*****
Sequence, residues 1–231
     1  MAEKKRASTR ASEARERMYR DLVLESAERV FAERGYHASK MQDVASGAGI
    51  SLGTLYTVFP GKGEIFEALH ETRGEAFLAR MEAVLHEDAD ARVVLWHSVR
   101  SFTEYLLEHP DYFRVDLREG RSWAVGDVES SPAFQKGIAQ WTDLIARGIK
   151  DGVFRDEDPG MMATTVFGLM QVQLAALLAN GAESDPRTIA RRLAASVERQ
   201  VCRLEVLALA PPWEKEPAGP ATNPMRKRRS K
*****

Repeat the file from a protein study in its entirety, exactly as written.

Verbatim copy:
Sequence, residues 1–231
     1  MAEKKRASTR ASEARERMYR DLVLESAERV FAERGYHASK MQDVASGAGI
    51  SLGTLYTVFP GKGEIFEALH ETRGEAFLAR MEAVLHEDAD ARVVLWHSVR
   101  SFTEYLLEHP DYFRVDLREG RSWAVGDVES SPAFQKGIAQ WTDLIARGIK
   151  DGVFRDEDPG MMATTVFGLM QVQLAALLAN GAESDPRTIA RRLAASVERQ
   201  VCRLEVLALA PPWEKEPAGP ATNPMRKRRS K